As Ben Franklin emerged from the Constitutional convention on its last day, Mrs. Powel of Philadelphia asked him, “Well Doctor, what have we got, a republic or a monarchy?”
“A republic,” replied the Doctor, if you can keep it.”
One thing is absolutely certain, my favorite cynic tells me: “Because we live in a representative Republic in which politicians stand for election by the public, the public ALWAYS deserves the politics it receives from its representatives.” Or, as Henry Mencken once put it, “Democracy is the theory that the common people know what they want, and deserve to get it good and hard.”
None of the founders of our country, democracy tooters may be surprised to learn, favored democracy as a form of government. Students of history, the founders knew that democracy could only be successful in small – very small – political units. The demos, the root word in our modern conception of “democracy,” and the polis, the root word in our modern conception of politics, the founders believed, might most successfully be governed through a representative republic.
Democracy, possible within town hall municipal meetings, an assembly of constituents, is nearly impossible in state political gatherings such as Connecticut’s General Assembly, a conventicle of elected representatives. Even less so is democracy possible in larger political organizations such as the U.S. Congress.
Alexander Hamilton put all this in sharp focus when he said in a speech to Congress in 1788, “It has been observed by an honorable gentleman, that a pure democracy, if it were practicable, would be the most perfect government. Experience has proved that no position in politics is more false than this. The ancient democracies, in which the people themselves deliberated, never possessed one feature of good government. Their very character was tyranny; their figure deformity.”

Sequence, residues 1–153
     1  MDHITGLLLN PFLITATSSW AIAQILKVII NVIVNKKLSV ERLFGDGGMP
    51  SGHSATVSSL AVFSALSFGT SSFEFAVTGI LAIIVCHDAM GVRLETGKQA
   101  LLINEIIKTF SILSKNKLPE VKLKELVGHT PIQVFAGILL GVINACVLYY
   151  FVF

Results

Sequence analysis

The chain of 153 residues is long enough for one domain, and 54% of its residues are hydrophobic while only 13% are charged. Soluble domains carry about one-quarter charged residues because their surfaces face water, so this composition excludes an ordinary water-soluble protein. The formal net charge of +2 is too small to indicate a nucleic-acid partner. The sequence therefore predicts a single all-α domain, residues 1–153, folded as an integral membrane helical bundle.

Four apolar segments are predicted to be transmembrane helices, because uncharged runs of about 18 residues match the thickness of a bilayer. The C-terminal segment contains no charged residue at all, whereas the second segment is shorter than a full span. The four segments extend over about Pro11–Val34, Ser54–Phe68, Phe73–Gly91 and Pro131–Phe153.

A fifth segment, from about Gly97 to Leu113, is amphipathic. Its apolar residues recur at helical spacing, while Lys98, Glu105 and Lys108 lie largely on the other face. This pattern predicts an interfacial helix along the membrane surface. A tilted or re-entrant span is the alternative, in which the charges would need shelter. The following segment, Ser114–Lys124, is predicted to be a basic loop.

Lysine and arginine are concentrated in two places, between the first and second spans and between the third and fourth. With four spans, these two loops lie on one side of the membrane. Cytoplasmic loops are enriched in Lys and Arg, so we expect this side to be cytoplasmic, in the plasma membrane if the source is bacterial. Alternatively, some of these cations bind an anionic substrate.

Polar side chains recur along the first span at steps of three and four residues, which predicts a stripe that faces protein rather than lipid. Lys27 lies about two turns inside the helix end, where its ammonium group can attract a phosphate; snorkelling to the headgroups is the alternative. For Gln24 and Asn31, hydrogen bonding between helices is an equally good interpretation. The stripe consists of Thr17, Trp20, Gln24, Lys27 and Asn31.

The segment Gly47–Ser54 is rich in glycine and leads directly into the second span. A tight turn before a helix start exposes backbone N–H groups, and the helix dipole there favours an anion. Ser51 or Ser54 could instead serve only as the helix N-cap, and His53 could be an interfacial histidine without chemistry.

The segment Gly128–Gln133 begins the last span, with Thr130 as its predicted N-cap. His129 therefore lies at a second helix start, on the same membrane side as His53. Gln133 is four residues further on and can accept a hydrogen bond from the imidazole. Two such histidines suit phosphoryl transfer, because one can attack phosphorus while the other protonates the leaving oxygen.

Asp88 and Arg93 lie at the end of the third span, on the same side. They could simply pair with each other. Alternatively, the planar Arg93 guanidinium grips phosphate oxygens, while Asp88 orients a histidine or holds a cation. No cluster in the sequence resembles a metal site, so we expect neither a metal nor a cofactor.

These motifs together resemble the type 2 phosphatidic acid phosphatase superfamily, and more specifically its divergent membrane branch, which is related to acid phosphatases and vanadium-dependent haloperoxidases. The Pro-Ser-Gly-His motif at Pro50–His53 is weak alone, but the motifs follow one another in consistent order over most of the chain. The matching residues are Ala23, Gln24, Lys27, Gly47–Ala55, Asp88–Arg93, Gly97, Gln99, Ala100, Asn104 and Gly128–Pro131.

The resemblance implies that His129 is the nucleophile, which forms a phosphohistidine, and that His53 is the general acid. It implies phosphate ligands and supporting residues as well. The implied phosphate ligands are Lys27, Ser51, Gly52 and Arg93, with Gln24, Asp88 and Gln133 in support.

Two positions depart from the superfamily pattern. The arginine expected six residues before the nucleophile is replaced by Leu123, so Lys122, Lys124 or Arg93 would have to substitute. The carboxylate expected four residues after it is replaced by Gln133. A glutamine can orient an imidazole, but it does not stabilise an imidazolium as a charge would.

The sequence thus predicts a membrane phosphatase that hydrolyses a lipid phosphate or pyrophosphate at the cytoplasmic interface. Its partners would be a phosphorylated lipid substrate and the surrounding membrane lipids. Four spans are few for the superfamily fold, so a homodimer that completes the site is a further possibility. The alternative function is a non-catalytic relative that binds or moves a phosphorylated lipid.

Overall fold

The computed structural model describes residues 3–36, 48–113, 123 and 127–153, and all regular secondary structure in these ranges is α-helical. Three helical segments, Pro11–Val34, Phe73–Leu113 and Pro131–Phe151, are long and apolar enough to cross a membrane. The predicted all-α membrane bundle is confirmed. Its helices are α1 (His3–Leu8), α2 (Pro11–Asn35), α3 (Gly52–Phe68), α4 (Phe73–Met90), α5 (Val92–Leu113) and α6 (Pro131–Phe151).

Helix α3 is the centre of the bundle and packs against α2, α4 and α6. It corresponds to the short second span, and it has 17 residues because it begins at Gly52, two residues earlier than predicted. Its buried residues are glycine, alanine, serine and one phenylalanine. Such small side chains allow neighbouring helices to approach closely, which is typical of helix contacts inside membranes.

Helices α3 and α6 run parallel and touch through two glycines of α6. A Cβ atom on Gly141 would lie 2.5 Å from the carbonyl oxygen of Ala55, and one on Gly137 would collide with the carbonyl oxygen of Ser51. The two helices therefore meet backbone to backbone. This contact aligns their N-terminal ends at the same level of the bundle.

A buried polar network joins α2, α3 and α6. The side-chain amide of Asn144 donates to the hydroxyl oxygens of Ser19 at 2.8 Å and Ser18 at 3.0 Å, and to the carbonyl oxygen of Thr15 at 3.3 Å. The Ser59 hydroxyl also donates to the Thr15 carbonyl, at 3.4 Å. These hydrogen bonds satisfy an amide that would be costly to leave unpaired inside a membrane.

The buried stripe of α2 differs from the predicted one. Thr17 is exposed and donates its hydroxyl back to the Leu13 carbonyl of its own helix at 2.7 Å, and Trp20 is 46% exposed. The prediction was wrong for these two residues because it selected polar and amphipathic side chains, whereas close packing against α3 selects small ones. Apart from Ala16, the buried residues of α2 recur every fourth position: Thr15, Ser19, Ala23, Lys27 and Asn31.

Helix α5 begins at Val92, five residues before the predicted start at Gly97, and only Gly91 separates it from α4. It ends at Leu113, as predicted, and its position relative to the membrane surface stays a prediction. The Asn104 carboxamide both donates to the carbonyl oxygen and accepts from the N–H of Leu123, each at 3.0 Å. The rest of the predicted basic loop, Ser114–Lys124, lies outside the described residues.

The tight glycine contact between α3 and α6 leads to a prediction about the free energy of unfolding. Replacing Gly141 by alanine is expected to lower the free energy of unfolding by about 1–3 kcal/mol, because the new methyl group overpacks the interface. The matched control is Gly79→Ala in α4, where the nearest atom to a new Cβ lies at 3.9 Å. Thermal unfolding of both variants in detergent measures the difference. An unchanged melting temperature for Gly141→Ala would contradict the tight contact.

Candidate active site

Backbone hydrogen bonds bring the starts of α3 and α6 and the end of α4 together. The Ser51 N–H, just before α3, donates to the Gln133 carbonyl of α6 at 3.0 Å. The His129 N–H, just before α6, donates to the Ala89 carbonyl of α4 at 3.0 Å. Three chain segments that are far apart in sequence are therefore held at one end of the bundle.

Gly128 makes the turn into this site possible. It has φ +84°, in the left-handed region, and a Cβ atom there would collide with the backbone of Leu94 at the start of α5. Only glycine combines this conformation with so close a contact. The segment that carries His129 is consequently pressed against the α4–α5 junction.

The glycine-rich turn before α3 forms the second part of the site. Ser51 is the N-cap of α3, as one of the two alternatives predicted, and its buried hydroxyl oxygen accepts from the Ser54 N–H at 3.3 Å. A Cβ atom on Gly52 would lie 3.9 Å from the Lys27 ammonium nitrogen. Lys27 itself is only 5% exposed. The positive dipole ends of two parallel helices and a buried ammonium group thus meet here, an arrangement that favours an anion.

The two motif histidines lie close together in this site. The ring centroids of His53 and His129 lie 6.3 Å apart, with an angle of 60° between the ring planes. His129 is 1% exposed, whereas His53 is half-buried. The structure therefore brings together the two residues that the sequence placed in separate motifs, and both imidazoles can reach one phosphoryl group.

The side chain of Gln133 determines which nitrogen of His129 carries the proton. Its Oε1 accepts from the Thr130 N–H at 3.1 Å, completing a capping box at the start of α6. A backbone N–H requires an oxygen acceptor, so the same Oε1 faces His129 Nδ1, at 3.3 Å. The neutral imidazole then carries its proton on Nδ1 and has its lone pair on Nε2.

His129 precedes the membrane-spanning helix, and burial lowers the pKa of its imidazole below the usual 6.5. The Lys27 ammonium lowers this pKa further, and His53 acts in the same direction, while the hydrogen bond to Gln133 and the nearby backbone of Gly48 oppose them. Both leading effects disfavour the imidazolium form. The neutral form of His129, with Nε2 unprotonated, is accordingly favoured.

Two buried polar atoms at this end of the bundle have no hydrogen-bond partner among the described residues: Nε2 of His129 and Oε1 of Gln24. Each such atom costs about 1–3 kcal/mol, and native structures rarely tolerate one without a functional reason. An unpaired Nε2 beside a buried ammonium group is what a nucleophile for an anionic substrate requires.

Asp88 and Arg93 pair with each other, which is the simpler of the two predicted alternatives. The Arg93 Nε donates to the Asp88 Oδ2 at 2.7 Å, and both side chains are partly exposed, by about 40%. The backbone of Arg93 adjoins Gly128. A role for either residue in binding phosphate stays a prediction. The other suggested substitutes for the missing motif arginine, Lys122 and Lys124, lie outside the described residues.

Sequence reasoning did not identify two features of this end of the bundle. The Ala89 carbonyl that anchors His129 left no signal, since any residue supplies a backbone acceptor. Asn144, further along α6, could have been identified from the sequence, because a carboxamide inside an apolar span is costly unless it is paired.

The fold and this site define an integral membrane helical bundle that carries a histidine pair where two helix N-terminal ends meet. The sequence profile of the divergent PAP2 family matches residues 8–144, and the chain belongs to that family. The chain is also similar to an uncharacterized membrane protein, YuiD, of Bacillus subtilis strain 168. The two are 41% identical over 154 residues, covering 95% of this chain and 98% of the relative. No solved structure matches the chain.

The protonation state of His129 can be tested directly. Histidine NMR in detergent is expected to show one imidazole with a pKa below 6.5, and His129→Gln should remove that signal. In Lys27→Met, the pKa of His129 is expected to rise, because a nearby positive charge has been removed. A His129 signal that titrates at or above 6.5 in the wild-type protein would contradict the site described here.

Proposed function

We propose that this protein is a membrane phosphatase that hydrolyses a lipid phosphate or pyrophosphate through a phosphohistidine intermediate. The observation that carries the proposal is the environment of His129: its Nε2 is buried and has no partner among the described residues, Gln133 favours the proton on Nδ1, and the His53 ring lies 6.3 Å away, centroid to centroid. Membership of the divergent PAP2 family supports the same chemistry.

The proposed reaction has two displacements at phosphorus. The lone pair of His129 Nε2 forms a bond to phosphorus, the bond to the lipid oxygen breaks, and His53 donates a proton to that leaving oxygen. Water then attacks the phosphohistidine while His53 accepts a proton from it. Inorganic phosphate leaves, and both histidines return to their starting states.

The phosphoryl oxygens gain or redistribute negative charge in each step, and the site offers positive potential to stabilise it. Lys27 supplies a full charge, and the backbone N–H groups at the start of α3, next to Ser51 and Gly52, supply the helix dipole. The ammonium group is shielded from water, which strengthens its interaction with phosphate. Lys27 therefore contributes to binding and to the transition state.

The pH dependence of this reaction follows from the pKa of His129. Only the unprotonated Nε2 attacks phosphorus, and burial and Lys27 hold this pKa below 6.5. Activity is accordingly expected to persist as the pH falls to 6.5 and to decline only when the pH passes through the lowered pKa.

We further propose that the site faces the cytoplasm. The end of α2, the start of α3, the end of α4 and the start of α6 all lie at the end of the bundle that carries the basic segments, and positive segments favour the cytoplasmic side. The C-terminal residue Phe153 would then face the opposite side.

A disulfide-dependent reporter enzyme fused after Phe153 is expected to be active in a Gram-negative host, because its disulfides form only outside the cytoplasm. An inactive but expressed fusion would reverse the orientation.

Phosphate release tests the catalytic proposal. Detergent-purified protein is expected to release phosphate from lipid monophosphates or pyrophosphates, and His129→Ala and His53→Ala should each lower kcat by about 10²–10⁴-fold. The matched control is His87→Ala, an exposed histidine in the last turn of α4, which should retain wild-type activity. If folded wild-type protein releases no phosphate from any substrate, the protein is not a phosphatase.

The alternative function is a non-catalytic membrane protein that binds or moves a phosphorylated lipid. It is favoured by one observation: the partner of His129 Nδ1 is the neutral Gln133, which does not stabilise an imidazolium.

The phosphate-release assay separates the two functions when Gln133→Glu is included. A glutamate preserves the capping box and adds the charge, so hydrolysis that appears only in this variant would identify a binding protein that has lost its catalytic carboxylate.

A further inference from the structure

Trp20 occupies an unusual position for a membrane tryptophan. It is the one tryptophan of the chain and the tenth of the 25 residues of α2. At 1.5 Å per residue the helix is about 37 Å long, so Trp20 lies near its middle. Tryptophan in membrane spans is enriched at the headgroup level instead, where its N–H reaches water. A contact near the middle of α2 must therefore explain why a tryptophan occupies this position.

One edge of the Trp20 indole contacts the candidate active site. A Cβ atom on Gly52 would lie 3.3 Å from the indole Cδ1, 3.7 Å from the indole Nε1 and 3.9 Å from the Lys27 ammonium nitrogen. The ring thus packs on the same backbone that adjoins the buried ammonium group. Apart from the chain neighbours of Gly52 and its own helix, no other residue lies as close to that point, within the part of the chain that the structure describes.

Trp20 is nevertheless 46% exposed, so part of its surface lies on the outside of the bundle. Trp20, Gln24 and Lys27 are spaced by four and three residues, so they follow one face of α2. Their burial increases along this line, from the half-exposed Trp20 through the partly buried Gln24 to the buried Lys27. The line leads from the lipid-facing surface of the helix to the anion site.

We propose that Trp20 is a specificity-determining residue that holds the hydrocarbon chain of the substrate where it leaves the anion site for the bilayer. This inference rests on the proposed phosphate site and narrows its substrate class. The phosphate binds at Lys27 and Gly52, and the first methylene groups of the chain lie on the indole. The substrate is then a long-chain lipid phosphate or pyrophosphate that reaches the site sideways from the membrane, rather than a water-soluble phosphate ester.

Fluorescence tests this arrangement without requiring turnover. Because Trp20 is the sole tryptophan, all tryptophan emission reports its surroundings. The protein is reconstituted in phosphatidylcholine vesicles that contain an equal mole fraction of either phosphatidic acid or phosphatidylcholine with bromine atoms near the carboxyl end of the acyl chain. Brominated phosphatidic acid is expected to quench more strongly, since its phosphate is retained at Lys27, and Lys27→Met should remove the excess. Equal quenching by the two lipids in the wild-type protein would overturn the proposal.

The five members of Connecticut’s U.S. Congressional Delegation, all Democrats, claim they are representatives of their constituents, as they repeatedly tell us, even though a sizable portion of their constituents are members of an opposition party or unaffiliateds. Because there are among the members of the U.S. Congressional Delegation no dissenters from a different party, majority Democrats are also motivated by party interests, and therefore display a double allegiance: first, they say, to their constituents, and secondly to their party, state and national.
Take, by way of example, U.S. Representative Jim Himes of Connecticut’s 4th District. We are told on Himes’ fluffy “House Government About” page that Himes is now serving his “eighth term. He serves as Ranking Member of the House Permanent Select Committee on Intelligence, and on the House Financial Services Committee.” These committees affect national matters that extend far beyond the borders of the 4th District.